|since we started talk about gearing||cyclopathic|
Feb 13, 2002 11:11 AM
|what gear would you consider sufficient for sustained 20-25% climb?
think of riding it on mi 40, think of riding it on mi 400, think of riding 400mi full of climbs like that.
|20 -25% Whew!||Spoke Wrench|
Feb 13, 2002 11:46 AM
|For me I'd be looking for the slowest gear where I could still balance the bike.|
|20 -25% Whew!||ngl|
Feb 13, 2002 11:53 AM
|where is there a 25% climb?!|
|They are all over San Francisco!! (nm)||Cima Coppi|
Feb 13, 2002 11:58 AM
|I wouldn't call those "sustained" climbs nm||mr_spin|
Feb 13, 2002 12:08 PM
|53 x 18||secourir|
Feb 13, 2002 12:02 PM
|and yes i would kindly ask that nothing be written on my tombestone apart from the incline and the gear i was in at the time of death.
sorry but ive always been one to taunt excersizes in mental masturbation - ***400 miles of 20-25%***
how bout - "lets design a bike assuming we all had three legs - what materials, crank design, aero considerations and frame alterations would we have" - its just as worthy as a question.
|oh cmon now||collinsc|
Feb 13, 2002 12:28 PM
|gaining 100 miles of elevation on your bike isnt THAT unreasonable....|
|over the course of 3 years, you're right! ;-) nm||morrison|
Feb 13, 2002 12:30 PM
|How about 44-23?||guido|
Feb 13, 2002 12:46 PM
|A little geometry here: If you climbed for a distance of 400 miles up a 25% grade, wouldn't that end at an altitude of 200 miles? They ain't no mountain that high, son.
One could ride 400 miles up and down mountains with varying grades, seldom as much as 20%, and for every uphill there'd be a corresponding downhill. Unloaded, I'd be happy with 39-23 for most of the climbing, 39-27 for those 20% grades--and 53-12 for the downhills!
Feb 13, 2002 1:57 PM
|400 x 25% = 100 |
Unless you are a bike god 39-23 wouldn't get you through some of the tougher double centuries in CA and they don't even hit 20% grade and *only* climb about 14'K to 18'K. I'm thinking Terrible Two and Devil Mountinain Double , and the Central Coast Double, also known as the Triple Crown Stage Race.
I can assure you that you wouldn't be anything even close to happy and that you'd be rethinking your gearing options. My understanding is that there's lots of sick and sustained climbs in Europe that aree ven more demanding.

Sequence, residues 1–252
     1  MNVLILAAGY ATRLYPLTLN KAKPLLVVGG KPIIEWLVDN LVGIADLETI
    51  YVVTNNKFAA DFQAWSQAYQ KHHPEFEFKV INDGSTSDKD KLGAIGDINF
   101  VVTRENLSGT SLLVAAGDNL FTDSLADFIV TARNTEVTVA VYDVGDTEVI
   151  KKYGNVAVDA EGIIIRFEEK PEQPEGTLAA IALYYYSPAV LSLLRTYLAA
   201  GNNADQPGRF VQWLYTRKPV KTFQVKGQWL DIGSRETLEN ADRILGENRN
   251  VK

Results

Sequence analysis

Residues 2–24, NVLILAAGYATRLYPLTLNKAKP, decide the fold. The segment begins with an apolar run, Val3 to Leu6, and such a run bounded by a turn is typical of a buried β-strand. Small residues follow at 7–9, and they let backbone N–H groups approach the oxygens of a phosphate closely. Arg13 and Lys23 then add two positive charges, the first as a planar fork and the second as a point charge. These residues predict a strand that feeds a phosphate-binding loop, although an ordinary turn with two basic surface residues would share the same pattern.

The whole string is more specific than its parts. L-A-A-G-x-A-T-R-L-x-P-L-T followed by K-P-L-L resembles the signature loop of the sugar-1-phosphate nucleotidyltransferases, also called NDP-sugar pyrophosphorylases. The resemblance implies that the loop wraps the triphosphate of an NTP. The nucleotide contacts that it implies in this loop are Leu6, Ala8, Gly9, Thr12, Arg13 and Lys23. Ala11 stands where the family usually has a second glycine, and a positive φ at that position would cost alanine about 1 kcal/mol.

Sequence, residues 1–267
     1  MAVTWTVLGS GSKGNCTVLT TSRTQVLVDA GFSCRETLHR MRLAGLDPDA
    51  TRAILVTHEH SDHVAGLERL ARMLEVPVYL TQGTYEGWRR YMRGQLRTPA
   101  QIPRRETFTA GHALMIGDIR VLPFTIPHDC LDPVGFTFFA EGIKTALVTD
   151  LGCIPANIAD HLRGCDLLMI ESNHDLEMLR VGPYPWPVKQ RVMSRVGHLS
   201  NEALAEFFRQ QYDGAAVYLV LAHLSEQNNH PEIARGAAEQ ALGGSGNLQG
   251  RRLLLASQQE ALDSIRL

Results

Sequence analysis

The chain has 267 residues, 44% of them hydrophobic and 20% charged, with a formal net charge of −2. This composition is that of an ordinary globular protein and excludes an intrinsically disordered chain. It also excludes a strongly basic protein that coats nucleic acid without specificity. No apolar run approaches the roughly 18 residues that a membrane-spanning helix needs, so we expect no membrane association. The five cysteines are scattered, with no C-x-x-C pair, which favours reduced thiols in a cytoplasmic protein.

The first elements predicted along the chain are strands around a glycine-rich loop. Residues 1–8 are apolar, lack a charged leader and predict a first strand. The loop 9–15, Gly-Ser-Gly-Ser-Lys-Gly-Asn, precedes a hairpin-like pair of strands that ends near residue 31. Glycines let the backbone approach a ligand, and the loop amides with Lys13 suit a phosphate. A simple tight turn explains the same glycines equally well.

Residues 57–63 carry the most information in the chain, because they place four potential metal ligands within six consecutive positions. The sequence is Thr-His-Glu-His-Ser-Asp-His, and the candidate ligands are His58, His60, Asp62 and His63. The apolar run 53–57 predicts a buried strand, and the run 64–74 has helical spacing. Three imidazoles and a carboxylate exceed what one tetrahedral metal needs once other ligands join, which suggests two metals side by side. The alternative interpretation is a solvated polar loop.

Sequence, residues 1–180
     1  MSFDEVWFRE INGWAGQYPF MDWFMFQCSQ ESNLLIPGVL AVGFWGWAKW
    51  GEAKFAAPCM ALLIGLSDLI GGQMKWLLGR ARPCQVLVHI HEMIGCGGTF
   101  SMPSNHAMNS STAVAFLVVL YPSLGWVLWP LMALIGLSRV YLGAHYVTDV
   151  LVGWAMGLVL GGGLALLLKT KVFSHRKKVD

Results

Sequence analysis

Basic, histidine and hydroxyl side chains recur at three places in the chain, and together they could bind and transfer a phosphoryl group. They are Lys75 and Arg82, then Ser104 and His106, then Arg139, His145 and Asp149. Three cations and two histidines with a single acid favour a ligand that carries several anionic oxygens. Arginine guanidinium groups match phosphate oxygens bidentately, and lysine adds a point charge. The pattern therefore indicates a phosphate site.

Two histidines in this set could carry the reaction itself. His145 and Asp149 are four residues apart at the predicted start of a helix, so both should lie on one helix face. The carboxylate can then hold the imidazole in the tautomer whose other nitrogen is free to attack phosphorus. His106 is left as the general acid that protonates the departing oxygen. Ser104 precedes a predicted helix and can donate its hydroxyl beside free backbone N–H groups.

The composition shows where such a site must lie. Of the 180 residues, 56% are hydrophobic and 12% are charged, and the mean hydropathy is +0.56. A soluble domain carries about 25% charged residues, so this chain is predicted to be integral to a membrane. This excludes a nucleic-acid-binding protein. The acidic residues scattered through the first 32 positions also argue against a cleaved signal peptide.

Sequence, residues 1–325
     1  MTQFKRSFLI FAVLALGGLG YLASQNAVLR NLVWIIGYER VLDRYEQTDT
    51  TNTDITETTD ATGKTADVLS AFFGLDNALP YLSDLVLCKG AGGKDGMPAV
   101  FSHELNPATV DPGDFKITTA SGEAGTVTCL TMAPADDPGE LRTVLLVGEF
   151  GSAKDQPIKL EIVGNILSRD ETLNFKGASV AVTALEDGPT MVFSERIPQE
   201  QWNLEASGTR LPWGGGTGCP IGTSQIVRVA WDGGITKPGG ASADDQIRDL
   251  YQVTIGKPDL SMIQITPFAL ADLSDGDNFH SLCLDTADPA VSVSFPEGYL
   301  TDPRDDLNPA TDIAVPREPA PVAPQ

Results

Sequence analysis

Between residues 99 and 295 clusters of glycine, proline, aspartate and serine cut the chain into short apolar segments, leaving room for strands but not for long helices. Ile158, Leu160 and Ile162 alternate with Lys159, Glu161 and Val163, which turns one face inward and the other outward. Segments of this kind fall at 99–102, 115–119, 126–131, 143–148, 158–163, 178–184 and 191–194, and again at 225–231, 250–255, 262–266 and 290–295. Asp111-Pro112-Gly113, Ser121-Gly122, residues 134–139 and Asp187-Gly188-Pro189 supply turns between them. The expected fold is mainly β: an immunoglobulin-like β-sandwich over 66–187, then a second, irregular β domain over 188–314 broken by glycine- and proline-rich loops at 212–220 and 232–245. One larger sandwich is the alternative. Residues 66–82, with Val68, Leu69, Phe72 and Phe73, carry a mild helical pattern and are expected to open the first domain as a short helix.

Feb 14, 2002 12:52 PM
|Terrible math, sorry!
Now I get it, you're adding up all the climbs along the route and coming up with a total. But working up each rise is like an interval, the grade is always changing, and doesn't go up to 20% much of the time. If it did, mules wouldn't have made it up them when they were built, and motorized vehicles would overheat.
I've gone up Mt. Wilson north of LA twice, on a steel racing bike weighing 22#, with a lowest gear of 44-22, about 5300' elevation gain in 18 miles, with the steepest grades the last 5 miles to the top, and I'm no "bike god."
But that climb was only a 2 and a half hour workout.
I can assure you, I "wouldn't be anything close to happy" and that I'd loudly be "rethinking (cursing!) my gearing options," if I were attempting a double century in mountainous terrain, no matter what gears I had!
|a bit about the ride||cyclopathic|
Feb 13, 2002 1:33 PM
|the ride is in upstate NY in Fingerlake area (aka the Grand Canyon of the East), Quadzilla if you've heard the name.
no, it isn't 25% all 400mi you wish 8-(
but there're plenty of 20%+ grades, sometimes very short (on 15% climb) and sometimes longer. Rated at 25,000' but it is not the amount it's the grades what gets you.
this is from witness account:
I wish I had a 30x30 gear. One guy I rode with had that, and he climbed the best of the threesome I rode in. The other guy had a 30x27, and I had a 30x23. (Throughout the ride, I was offering $100 to anyone who would give me a 30 tooth cog for my cassette.) The ride organizer recommended at least a 39x26, but I can't imagine using that high a gear.
I've ridden with the guy and though I've beat him to the finish line on 2 occasions, he is better climber then I am.
for records RAAM racer rode whole thing with doubles and 12-23 cass
Feb 13, 2002 2:06 PM
|Went to school at Cornell and am very familiar with the Finger Lakes area. Things aren't so bad if you limit yourself to going just north-south routes, but things get very ugly when you start going east-west. The galciers came through and left a bunch of huge gouges in the earth and some filled with water and became the Finger Lakes. The lakes are long and narrow (around 1 mi.) and surprisingly deep at 400' to 700'. Personally I'd run a 12-27, but I'm more of a spinner. Now factor in the idea that you want to do 555K and fatigue becomes a serious issue. I bet a triple starts looking attractive in the second half. RAAM racers are whole different animal - they train and become very accustomed to running tall gearing and very low cadences for efficiency reasons.|